Uber Does An About Face On Non-Disclosure

By on May 18, 2018

May 18, 2018

Uber has ended forced arbitration and the requirement that passengers, drivers and employees refrain from speaking publicly about sexual harassment or assault complaints. It is an about face for a company which has been inundated with misconduct allegations recently. Uber’s move follows an announcement from Microsoft that it would allow employees to sue the company for sexual harassment, rather than handle the matter behind closed doors. Uber says it plans to release a report next year on the prevalence of sexual harassment and assault, a move that follows a class-action lawsuit in California that alleges the company has failed to protect passengers from sexual predators. Some lawmakers had urged Uber to waive binding arbitration for sexual harassment complaints. Sen. Richard Blumenthal of Connecticut sent a letter to the company this month contending that the practice allows corporations to “cover up wrongdoing.” More than half of American workers have signed employment contracts that bar them from suing their employer for sexual harassment, gender or racial discrimination, according to a 2017 study from the Economic Policy Institute in Washington.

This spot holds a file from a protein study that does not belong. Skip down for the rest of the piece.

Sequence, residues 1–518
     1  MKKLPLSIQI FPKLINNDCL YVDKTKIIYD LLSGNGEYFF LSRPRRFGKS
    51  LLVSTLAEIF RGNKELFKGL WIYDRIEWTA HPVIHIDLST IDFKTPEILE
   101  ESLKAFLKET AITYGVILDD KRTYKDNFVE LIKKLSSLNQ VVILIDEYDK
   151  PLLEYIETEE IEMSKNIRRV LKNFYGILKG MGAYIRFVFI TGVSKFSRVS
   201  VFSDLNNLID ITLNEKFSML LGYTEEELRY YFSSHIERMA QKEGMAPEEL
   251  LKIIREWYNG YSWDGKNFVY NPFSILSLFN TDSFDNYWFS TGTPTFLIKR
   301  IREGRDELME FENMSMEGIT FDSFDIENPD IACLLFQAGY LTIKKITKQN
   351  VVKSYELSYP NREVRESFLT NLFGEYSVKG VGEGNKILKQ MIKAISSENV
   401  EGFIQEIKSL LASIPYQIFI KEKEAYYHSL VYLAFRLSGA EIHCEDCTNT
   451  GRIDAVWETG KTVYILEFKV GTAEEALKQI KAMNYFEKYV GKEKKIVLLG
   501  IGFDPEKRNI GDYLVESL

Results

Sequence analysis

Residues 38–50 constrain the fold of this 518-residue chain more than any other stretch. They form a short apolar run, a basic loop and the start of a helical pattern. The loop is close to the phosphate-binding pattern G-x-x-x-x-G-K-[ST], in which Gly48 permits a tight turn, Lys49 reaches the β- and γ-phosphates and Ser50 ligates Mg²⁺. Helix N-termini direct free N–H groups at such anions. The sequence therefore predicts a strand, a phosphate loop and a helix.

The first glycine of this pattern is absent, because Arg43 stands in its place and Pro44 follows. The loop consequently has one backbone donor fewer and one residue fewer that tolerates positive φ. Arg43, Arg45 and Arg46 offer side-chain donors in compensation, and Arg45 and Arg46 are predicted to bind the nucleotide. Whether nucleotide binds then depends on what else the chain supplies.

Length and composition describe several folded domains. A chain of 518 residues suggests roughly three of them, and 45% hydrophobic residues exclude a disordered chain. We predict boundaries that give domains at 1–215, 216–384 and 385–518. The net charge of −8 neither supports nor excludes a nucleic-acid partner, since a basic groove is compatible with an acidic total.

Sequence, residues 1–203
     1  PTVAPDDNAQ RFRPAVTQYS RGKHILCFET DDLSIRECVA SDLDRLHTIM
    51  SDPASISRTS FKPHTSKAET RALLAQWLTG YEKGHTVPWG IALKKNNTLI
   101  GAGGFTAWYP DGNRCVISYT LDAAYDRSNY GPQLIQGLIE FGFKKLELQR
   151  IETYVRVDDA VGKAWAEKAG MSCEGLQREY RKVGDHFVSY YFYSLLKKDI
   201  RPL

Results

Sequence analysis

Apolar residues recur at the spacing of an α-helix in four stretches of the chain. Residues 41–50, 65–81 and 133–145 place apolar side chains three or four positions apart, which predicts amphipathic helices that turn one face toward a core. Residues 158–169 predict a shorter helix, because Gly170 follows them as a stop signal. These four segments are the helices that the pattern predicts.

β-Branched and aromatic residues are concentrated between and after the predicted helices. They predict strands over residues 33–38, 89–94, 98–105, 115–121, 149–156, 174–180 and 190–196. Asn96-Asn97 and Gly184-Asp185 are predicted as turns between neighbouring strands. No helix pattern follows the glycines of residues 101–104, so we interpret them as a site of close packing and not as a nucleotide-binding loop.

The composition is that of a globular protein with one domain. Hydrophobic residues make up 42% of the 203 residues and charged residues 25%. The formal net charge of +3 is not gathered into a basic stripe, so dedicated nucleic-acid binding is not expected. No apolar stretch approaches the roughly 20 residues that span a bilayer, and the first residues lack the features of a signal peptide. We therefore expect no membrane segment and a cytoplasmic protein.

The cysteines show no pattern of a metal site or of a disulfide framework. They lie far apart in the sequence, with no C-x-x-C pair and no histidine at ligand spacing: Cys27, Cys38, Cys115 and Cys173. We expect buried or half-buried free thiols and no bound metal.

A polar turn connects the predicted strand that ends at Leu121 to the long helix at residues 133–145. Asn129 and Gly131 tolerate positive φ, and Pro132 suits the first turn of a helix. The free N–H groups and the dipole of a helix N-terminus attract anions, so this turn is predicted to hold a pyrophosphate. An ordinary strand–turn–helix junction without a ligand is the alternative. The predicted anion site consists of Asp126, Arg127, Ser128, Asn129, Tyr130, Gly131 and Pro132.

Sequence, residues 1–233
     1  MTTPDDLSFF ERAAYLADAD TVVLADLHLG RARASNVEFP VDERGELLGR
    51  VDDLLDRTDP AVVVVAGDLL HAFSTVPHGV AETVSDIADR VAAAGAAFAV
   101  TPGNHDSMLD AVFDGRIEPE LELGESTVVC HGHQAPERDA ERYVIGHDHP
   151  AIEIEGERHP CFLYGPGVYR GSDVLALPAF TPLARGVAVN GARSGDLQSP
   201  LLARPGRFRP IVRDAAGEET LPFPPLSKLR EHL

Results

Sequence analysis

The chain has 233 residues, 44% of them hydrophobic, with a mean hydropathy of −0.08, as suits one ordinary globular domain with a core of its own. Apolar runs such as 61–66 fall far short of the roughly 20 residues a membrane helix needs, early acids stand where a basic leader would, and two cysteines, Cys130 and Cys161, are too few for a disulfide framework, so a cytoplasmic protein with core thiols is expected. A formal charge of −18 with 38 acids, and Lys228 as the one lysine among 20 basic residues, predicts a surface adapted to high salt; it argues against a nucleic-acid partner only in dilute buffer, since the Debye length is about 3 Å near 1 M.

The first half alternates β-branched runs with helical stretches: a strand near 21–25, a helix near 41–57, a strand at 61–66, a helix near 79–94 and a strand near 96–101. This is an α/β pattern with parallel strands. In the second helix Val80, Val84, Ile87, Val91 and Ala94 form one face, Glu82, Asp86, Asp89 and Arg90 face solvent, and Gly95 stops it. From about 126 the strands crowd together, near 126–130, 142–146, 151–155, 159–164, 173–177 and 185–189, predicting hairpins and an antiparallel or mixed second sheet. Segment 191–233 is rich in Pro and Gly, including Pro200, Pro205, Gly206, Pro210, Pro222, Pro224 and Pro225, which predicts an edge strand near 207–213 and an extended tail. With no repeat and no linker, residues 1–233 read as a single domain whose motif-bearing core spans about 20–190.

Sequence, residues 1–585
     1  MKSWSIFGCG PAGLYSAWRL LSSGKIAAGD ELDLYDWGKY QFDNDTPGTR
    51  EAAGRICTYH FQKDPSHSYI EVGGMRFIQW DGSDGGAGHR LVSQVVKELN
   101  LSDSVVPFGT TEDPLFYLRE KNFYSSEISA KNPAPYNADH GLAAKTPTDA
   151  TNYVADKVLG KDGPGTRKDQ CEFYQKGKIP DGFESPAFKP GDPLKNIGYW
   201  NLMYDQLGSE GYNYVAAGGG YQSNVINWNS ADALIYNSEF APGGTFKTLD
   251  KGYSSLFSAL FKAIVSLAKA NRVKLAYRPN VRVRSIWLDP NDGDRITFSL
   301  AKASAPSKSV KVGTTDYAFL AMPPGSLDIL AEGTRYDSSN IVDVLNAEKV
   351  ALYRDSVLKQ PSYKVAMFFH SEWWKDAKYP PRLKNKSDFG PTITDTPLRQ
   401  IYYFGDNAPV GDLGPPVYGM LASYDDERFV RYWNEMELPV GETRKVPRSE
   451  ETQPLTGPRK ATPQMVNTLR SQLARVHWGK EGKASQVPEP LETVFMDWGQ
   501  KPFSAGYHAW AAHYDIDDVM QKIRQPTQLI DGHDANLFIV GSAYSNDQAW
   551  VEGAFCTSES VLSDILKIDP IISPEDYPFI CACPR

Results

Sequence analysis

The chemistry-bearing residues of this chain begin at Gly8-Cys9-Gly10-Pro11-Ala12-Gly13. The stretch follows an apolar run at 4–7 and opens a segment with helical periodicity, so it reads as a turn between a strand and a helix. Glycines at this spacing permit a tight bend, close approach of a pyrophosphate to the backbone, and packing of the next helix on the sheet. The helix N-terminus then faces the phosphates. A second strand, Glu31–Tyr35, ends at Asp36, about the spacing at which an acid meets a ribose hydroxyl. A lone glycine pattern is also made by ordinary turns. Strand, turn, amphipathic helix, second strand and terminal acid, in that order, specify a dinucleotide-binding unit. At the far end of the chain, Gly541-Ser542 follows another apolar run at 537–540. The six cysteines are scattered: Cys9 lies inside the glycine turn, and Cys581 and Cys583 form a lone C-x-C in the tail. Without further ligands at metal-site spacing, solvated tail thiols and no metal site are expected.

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The Washington Post

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